Since your smartphone is now so crucial to your productivity while out of the office, you need to make sure it doesn’t run out of battery power. That means you’ll need an easy-to-carry external charger.
The bigger battery chargers will hold enough juice to fully charge a dead phone up to three times. But those are usually too big to carry easily. So we recommend something light and small, such as the Mophie Powerstation Plus Mini (now $44.99 on Amazon). Comparable models like the Anker PowerCore II Slim 10000 ($33.99 on Amazon) are also a good choice.
Typing on a tablet is only marginally better than thumb-typing on a smartphone. Fortunately, several good, compact external keyboards are available that more closely approximate the typing experience on your laptop, increasing accuracy and ease of use. Some tablet protective cases have keyboards built into them, reducing the number of accessories needed to work effectively from the road.
Other Common Accessories
Be sure to pack the chargers for your laptop, tablet, and smartphone, and bring USB charging cables. And if you use an Apple Pencil or other stylus with your tablet, don’t leave it behind.
If you’re traveling out of the country, you’ll face steep charges for phone calls and cellular internet access. One solution is to buy a special data plan from your cellular provider. A better solution is to buy a SIM card that you can swap out for your phone’s SIM card.
The data packages will be much cheaper usually. And it will be easier to buy more data if you need to. Finding the best option will require a bit of research. Try searching for “International SIM card” to find something that appeals to you.
If you need GPS service to find your way around, having a lower rate SIM card will be crucial. You won’t be able to receive phone calls made to regular cell-phone number if you replace your SIM card. But that may be a worthwhile tradeoff.
Another uncommon accessory is a small tracking device you can put in your laptop bag or in your luggage. Some tracking devices are small and thin enough to fit in a man’s wallet.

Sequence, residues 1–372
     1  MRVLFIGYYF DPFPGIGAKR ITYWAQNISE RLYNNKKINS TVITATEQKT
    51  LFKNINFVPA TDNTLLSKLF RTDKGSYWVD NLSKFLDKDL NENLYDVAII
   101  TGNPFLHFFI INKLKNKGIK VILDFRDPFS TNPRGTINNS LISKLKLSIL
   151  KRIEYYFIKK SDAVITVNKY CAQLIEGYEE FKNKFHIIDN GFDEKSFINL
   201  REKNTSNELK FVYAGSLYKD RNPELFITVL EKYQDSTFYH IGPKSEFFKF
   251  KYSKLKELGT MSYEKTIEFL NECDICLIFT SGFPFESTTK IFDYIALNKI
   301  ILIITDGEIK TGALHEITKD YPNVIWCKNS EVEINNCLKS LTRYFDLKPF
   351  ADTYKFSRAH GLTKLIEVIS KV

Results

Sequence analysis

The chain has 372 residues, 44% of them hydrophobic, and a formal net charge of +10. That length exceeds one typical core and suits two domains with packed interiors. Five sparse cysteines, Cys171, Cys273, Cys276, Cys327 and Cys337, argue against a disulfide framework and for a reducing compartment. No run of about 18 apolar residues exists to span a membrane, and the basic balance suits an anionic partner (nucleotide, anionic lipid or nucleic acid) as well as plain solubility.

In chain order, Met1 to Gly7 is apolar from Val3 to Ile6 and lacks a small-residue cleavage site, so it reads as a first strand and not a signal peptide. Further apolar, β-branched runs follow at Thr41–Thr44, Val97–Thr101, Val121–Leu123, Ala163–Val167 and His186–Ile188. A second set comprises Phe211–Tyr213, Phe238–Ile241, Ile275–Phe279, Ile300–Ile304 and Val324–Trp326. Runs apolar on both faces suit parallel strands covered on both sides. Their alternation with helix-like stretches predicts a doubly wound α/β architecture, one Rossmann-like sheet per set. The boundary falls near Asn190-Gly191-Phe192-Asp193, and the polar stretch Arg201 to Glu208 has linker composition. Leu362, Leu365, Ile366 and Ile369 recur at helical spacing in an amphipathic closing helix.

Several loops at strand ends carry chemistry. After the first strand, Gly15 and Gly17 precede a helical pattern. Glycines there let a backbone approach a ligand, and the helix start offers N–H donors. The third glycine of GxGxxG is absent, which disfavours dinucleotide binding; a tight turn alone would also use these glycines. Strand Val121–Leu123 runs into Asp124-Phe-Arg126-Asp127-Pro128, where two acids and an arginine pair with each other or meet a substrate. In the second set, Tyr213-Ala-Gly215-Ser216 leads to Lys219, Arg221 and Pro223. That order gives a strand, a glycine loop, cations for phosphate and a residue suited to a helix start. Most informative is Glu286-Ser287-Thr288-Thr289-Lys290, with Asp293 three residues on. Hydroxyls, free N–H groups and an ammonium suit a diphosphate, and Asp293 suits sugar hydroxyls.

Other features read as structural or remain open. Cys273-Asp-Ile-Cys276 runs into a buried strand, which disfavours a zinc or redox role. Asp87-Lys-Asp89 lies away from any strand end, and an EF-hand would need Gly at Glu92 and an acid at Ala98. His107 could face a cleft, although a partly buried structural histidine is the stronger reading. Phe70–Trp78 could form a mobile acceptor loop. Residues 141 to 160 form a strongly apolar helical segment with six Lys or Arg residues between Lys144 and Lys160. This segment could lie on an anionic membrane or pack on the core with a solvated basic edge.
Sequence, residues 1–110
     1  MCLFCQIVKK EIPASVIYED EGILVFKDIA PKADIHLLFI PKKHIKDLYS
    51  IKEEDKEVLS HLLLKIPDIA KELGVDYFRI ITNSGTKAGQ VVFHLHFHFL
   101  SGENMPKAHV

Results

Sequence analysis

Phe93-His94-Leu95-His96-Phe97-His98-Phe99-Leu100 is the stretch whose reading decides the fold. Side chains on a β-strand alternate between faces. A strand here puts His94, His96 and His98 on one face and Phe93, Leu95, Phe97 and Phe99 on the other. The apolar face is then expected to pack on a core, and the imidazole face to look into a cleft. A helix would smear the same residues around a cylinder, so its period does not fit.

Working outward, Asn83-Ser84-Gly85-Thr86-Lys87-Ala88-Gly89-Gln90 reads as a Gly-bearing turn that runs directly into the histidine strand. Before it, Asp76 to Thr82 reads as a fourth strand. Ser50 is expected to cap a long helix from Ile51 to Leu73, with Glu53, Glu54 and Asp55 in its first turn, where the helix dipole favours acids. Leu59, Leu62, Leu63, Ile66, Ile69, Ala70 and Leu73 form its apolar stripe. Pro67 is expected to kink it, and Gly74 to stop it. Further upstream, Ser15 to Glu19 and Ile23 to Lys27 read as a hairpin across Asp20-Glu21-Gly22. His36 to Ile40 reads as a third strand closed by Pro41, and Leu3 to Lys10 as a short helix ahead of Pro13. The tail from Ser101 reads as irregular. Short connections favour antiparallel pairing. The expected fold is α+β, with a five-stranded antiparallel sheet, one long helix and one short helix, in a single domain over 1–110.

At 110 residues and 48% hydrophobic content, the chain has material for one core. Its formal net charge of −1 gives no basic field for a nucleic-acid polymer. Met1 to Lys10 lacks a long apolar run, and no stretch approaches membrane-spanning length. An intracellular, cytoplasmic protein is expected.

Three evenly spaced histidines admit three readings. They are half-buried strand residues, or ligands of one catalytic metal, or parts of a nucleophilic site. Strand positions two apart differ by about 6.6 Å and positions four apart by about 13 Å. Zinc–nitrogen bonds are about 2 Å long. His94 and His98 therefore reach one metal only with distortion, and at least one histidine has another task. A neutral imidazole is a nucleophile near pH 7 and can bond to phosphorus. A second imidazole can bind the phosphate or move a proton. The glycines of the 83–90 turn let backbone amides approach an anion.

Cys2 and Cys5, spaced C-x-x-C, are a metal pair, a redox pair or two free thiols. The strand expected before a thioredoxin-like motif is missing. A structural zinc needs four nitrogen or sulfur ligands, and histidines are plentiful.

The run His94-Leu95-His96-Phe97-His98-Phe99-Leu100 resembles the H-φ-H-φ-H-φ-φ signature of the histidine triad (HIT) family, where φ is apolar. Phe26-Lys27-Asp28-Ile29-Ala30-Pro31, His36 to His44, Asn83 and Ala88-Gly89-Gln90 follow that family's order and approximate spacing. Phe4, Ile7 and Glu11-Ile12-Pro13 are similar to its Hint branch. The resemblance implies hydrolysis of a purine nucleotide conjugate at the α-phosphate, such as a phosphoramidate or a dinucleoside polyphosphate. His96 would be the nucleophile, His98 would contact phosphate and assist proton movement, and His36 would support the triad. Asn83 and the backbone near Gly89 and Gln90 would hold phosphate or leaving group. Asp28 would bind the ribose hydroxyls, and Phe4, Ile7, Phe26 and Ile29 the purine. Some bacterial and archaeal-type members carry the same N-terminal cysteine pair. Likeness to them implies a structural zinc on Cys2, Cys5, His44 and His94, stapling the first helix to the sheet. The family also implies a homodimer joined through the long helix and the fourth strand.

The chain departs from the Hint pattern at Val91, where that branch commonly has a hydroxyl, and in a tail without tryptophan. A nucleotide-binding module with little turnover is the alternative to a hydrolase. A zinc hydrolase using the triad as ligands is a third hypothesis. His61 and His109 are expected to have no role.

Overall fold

The best-known tracking device is the Tile Tracker, which you can find on Amazon for about $20 each. The batteries in these devices only last for a year, but you’ll get a discount when replacing a unit with an expired battery.
Basic Software Tools
You will also need some basic software tools. Many of you likely use them in your practice already.
Microsoft Office’s suite of applications is a necessity. Most firms already provide Microsoft Word to their users. You can also purchase an annual license through the Office365 program for roughly $99 per year. This permits you to install the entire Office Suite (Word, Excel, OneNote, and PowerPoint) on up to five computers (PCs or Macs) and allows you to download the iOS and Android versions of those programs.
You will also need a program that allows you to create, manipulate, and organize PDF documents. Adobe Acrobat Pro, which is available for PCs and Macs, is the standard. Although Acrobat Pro is expensive standing alone, Adobe now offers the software on a subscription basis as part of its Document Cloud service. The subscription includes other nice features, such as the ability to send and track documents and receive signatures securely.
Alternatives include PDF Expert (Mac) (my favorite), PDFpen for Mac, or iSkysoft PDF Editor 6 Professional (Mac and Windows). These are feature-rich and less expensive than Adobe Pro.
When choosing a PDF program, look for the following functionality: creating PDFs, adding and removing pages in PDF documents, signing documents, and making documents searchable through optical character recognition (OCR). This functionality should carry through to the mobile version as well.
That’s a quick look at potential hardware. The next post will discuss another preparation issue: how to set up and manage files so you can access them from the road.[/vc_column_text][/vc_column][/vc_row]